The investigators also touched on the criminal securities fraud allegations against Paxton and suggested that he may illegally hold more than one homestead exemption — a type of tax break that applies to a person’s primary home. They did not provide additional details.
State Rep. Andrew Murr, R-Junction, the committee chair, said it was “alarming” and “very serious” that taxpayers are being asked to foot the bill for Paxton and others’ wrongdoings.
“That’s something we have to grapple with,” he said. “That’s challenging.”
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Paxton allegedly ignored staff to step in for Paul
Over three hours of testimony, investigators described a pattern in which Paxton would bypass staff and ignore their recommendations, aggressively pushing for actions that benefited Paul.
Terese Buess, longtime former Harris County prosecutor who headed the public integrity division, said Paxton violated the state’s open records law to help Paul obtain information about the FBI’s activities involving his case, including a raid it had executed against his home and business office.
Paul, who is in the middle of multiple bankruptcies proceedings and financial litigation, had wanted the attorney general’s office to uncover details about the federal investigation into him and his businesses, the investigators said. Paul donated $25,000 to Paxton’s re-election campaign in 2018.
The attorney general’s office, which is charged with determining whether information needs to be released, had issued a “no-opinion” ruling on the matter – the first time it had done so in decades. The office receives about 30,000 requests per year.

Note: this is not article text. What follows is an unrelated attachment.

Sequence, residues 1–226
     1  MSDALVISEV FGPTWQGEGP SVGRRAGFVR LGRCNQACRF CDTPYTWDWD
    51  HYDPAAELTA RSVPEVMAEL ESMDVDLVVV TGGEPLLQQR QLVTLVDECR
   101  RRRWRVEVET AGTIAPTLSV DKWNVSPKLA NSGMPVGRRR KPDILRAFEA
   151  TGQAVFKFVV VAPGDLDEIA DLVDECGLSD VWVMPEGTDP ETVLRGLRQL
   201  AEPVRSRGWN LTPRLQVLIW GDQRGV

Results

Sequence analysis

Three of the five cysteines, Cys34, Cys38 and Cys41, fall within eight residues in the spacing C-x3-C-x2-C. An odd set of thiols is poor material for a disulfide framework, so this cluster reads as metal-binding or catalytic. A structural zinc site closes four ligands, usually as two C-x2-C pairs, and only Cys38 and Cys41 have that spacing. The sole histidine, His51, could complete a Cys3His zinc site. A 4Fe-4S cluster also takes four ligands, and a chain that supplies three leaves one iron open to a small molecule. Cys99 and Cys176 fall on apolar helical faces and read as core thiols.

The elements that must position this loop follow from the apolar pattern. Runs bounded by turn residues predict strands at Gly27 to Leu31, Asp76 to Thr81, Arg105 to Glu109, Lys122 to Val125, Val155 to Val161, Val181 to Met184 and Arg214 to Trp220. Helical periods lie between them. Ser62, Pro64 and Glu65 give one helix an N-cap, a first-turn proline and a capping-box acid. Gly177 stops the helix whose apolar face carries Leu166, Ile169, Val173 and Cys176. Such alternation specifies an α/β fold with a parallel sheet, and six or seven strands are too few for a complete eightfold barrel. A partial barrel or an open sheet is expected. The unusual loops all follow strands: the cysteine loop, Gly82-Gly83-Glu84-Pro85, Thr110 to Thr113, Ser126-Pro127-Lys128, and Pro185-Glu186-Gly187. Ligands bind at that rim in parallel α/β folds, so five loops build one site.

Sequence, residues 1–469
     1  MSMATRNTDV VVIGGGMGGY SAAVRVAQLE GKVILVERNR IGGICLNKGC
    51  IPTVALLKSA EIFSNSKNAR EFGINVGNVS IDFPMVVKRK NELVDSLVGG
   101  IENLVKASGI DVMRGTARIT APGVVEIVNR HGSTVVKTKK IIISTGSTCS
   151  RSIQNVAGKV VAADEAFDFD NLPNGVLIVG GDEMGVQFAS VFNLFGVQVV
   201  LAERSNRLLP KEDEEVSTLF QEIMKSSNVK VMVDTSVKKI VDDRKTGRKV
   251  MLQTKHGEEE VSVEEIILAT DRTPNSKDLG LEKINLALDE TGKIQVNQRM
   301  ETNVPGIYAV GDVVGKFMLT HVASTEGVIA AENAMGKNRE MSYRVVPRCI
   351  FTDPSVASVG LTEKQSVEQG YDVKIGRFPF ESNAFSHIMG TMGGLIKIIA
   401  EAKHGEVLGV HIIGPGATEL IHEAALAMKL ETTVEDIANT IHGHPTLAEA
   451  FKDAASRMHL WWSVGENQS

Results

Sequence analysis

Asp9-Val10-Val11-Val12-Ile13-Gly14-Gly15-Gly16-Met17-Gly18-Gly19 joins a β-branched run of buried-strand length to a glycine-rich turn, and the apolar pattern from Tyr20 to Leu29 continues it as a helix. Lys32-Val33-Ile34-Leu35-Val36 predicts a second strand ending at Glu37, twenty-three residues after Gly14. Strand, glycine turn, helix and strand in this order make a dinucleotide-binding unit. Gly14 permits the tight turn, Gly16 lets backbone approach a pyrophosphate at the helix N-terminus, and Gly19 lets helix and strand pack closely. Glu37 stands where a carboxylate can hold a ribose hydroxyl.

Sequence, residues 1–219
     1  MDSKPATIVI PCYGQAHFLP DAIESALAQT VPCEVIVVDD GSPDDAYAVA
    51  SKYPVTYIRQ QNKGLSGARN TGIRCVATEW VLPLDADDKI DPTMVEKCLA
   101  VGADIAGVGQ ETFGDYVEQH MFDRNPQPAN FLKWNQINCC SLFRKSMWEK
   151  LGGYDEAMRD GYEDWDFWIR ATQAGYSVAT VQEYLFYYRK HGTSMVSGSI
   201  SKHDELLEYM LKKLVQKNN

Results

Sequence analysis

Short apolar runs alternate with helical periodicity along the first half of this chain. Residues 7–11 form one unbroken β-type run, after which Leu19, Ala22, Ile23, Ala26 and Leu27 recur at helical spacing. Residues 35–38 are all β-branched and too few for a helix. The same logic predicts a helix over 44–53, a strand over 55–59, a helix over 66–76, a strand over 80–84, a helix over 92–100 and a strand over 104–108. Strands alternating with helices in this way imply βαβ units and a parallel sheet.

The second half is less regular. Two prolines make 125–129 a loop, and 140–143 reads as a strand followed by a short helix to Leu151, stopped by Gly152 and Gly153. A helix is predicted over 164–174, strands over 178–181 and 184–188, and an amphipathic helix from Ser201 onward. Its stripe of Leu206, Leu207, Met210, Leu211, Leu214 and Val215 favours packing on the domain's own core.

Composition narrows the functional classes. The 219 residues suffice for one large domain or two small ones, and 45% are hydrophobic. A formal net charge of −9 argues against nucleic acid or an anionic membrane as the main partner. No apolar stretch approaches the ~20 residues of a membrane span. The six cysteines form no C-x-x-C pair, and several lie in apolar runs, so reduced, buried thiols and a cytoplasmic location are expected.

Buess said Paul should have been denied the documents, since the open records law has a clear exception for law enforcement matters, yet Paxton pushed for its release.
Paxton told staff he did not want to use his office “to help the feds” or the state Department of Public Safety, Buess said.
According to Buess, Paxton obtained his own copy of the documents and then directed an aide to hand-deliver a manila envelope to Paul at his business. After that, she said, Paul’s attorneys stopped asking for the FBI records. Investigators don’t know whether the documents were in the envelope.
Another former Harris County prosecutor, Mark Donnelly, told the committee that an attorney of Paul’s had recommended that Paxton’s office hire a young and inexperienced lawyer named Brandon Cammack as outside counsel to help Paxton investigate the federal officials looking into Paul. It was a conflict, since Paul had requested the investigation in the first place.
Donnelly did not name the attorney who referred Cammack, but Hearst Newspapers has reported on the relationship between Cammack and an attorney who represented Paul, Michael Wynne, both from Houston.
Paxton hired Cammack as a “special prosecutor” against the advice of his staff, according to the investigators. They suggested that Cammack was able to use the unredacted FBI report from Paxton to pinpoint the targets of 39 subpoenas, which went to Paul’s business interests and law enforcement officials.
Backing up another claim from the whistleblower suit, the investigators said Paxton pressured his office to issue a legal finding during the pandemic that foreclosure sales had to stop because of public health restrictions – a ruling that went against the advice of his staff.
Such opinions can take up to six months to publish, but Paxton pushed for it to be finalized in two days. Donnelly said the only logical explanation for that was he wanted it “complete before the foreclosure sale of certain properties related to Nate Paul entities” coming up the next week.
Paul’s attorneys went on to cite the attorney general opinion in about a dozen foreclosure sales involving his properties, Donnelly said.
Investigators also found that Paxton pressured his office to intervene in a lawsuit filed by the Roy F. & Joann Cole Mitte Foundation, an Austin-based nonprofit, against Paul alleging fraud. Again, Paxton’s staff had disagreed with his efforts.
The attorney general’s office withdrew from the suit in October 2020, immediately before the whistleblower letter went out reporting Paxton to federal law enforcement.